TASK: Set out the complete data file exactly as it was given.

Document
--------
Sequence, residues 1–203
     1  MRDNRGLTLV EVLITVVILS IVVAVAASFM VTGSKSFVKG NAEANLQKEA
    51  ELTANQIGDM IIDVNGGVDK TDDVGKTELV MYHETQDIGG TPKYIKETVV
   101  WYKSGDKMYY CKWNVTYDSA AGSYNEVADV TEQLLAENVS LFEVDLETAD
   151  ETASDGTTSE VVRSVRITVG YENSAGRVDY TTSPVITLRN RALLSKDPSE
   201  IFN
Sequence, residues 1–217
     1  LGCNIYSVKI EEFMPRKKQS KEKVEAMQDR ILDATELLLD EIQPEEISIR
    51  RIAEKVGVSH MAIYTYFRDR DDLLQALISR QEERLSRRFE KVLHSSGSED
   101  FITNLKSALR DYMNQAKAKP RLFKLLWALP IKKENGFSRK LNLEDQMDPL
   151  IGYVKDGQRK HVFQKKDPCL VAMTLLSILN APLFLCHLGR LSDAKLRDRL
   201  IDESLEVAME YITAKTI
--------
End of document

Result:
Sequence, residues 1–203
     1  MRDNRGLTLV EVLITVVILS IVVAVAASFM VTGSKSFVKG NAEANLQKEA
    51  ELTANQIGDM IIDVNGGVDK TDDVGKTELV MYHETQDIGG TPKYIKETVV
   101  WYKSGDKMYY CKWNVTYDSA AGSYNEVADV TEQLLAENVS LFEVDLETAD
   151  ETASDGTTSE VVRSVRITVG YENSAGRVDY TTSPVITLRN RALLSKDPSE
   201  IFN
Sequence, residues 1–217
     1  LGCNIYSVKI EEFMPRKKQS KEKVEAMQDR ILDATELLLD EIQPEEISIR
    51  RIAEKVGVSH MAIYTYFRDR DDLLQALISR QEERLSRRFE KVLHSSGSED
   101  FITNLKSALR DYMNQAKAKP RLFKLLWALP IKKENGFSRK LNLEDQMDPL
   151  IGYVKDGQRK HVFQKKDPCL VAMTLLSILN APLFLCHLGR LSDAKLRDRL
   201  IDESLEVAME YITAKTI